Although the Youth Contract is cited as a priority in its own right it in fact serves as a mechanism for coordinating government activities for young people in this area (especially in relation to (2) and (3) but also to some extent in relation to (1) and (4).)
The Youth Contract is therefore something of a ragged collection of policy initiatives which include differing levels of government funding and engagement. The key elements of the Youth Contract are:
• Wage subsidies for employers to incentivise taking on young people.
• Work experience placements (typically unpaid and lasting between 2-8 weeks)
• Sector based work academies (essentially a combination of work experience, training and a potential job).
• Employer subsidies to take on apprenticeships
• Support for the Apprenticeship model
• New funding for NEET support programmes
When set out in this way there is actually very little that looks new about the Youth Contract. The use of employer subsidies (Hamersma, 2008), work experience (Hollywood et al., 2012) and various kinds of intermediate labour markets (Ali, 2011) are well established approaches for tackling youth unemployment and in fact were key features of Labour Party policy in this area whilst the party was in government (Tonge, 1999). Nor is it possible to see Apprenticeships or NEET support programmes as offering a new intervention. Given that the Youth Contract is essentially just about rearranging the pieces of existing youth active labour market policy the important questions are as follows:
How does the scale of the Youth Contract compare with previous youth initiatives in this area?
Is there anything new in the organisation and integration of the pieces of the youth contract that makes it more likely to be effective?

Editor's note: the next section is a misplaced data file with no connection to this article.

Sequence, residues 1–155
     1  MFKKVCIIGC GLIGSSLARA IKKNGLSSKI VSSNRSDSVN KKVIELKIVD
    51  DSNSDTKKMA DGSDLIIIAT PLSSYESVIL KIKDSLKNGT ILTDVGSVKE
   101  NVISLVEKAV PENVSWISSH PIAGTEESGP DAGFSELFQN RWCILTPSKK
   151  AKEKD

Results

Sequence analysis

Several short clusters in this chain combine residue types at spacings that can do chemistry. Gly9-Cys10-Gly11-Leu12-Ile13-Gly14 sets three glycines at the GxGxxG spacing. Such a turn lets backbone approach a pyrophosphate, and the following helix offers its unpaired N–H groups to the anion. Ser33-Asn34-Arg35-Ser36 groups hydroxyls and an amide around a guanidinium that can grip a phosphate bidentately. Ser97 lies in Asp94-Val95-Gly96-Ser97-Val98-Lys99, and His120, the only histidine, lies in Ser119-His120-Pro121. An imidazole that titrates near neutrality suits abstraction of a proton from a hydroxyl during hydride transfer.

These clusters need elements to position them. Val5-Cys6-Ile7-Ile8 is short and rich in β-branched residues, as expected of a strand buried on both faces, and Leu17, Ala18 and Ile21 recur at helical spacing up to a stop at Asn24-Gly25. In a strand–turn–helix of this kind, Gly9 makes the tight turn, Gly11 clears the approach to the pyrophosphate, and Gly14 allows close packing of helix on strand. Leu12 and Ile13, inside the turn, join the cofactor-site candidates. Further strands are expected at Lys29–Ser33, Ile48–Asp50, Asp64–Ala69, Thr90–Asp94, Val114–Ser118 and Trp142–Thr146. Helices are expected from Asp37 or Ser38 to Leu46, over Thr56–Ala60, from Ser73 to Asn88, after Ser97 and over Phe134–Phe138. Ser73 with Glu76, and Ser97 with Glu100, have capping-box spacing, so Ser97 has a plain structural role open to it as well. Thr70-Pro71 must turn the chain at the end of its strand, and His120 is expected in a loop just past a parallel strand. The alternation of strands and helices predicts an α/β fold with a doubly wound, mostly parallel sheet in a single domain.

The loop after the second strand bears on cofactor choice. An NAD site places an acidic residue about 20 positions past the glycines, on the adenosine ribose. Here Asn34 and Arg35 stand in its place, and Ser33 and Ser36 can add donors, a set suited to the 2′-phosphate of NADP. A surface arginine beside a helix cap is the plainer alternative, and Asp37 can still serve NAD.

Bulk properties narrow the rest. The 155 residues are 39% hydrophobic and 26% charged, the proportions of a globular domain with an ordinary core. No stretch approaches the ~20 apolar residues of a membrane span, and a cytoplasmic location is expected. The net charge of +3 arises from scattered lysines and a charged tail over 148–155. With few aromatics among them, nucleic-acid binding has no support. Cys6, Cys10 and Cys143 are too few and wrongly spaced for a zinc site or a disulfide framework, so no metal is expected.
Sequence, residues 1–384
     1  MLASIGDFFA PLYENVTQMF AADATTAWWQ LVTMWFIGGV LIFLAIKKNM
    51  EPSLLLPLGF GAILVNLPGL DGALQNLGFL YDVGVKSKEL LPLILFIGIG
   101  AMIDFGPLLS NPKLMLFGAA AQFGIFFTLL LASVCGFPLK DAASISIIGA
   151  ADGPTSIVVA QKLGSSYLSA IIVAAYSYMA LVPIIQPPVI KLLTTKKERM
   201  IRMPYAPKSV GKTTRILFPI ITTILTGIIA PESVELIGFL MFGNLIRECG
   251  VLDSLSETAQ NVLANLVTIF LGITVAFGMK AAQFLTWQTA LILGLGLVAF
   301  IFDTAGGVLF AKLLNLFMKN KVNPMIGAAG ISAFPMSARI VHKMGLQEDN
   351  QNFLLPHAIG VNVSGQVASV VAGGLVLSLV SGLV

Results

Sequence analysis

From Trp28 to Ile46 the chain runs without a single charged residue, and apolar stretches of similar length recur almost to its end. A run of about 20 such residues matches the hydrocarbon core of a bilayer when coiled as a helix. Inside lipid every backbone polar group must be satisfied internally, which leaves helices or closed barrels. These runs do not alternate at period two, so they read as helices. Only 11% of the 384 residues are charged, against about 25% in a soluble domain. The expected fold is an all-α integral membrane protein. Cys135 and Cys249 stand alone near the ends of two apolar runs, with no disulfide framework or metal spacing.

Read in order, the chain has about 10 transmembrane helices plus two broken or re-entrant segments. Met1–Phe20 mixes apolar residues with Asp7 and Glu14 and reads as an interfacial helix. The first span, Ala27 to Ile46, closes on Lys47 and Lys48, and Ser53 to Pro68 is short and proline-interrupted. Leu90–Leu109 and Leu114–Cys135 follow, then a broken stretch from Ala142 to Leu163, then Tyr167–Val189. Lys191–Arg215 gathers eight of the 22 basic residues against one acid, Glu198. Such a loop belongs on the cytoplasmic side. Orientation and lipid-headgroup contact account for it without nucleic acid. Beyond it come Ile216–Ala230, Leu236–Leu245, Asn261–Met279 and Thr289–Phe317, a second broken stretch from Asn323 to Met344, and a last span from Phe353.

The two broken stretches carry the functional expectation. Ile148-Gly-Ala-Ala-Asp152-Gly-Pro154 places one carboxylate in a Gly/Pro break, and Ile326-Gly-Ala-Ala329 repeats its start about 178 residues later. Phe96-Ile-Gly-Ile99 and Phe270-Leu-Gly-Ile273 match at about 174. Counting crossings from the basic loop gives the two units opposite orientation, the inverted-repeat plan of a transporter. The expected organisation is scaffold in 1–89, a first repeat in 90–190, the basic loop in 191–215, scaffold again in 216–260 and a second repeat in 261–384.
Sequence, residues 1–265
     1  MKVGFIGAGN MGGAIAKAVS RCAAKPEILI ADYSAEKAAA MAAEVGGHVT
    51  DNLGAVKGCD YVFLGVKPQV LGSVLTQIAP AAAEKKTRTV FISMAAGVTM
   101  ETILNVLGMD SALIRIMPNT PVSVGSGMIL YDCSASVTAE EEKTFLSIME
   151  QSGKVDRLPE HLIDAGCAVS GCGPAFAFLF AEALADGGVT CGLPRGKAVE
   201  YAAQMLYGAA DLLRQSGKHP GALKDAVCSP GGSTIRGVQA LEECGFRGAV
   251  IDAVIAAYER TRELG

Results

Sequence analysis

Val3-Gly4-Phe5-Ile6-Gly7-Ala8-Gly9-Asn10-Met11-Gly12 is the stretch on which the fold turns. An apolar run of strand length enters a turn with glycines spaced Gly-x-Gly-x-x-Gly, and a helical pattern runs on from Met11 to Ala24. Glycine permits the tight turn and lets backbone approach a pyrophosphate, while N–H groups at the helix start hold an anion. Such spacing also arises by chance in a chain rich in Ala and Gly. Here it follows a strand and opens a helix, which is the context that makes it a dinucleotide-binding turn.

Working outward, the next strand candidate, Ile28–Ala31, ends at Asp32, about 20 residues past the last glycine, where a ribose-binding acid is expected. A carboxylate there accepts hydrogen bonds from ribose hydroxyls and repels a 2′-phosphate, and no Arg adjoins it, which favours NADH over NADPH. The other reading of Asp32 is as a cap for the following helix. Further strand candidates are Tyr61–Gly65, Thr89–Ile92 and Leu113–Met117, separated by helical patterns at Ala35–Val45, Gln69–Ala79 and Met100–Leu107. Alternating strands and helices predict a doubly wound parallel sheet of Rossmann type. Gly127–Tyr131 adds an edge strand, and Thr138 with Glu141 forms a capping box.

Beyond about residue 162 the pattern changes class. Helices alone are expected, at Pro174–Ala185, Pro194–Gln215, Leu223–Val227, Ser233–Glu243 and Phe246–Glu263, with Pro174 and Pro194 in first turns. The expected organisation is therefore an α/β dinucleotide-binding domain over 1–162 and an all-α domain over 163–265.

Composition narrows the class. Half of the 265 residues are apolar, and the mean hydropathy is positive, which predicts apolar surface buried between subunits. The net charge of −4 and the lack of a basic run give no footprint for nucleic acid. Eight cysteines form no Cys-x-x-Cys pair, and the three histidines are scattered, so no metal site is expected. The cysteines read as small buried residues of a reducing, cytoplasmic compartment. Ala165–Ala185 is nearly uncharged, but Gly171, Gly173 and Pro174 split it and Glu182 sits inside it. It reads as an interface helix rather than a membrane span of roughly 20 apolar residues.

How can the development of the Youth Contract we squared conceptually with the closure of Connexions when many of the new initiatives’ concerns seems so closely aligned with the aims of Connexions?
The media has received the Youth Contract with some scepticism. Most coverage has focused on the employer incentive elements of the Youth Contract although there is some coverage (often for comic effect) of some of the NEET engagement programmes e.g. the BBC’s exposé on the fact that “government is paying a company to wake teenagers up in an effort to get them back to work” (BBC, 2012). ITV’s recent coverage of the scheme has presented it as a failure, citing a survey from EEF which was unable to find a single employer that had engaged with the Youth Contract (Kussenburg, 2012). The concern about effectively engaging employers in this kind of scheme is also raised elsewhere including in thoughtful article in the Financial Times which cites Paul Gregg from the University of Bath arguing that the infrastructure that is in place to support youth transitions is insufficient (Groom and O’Connor, 2012).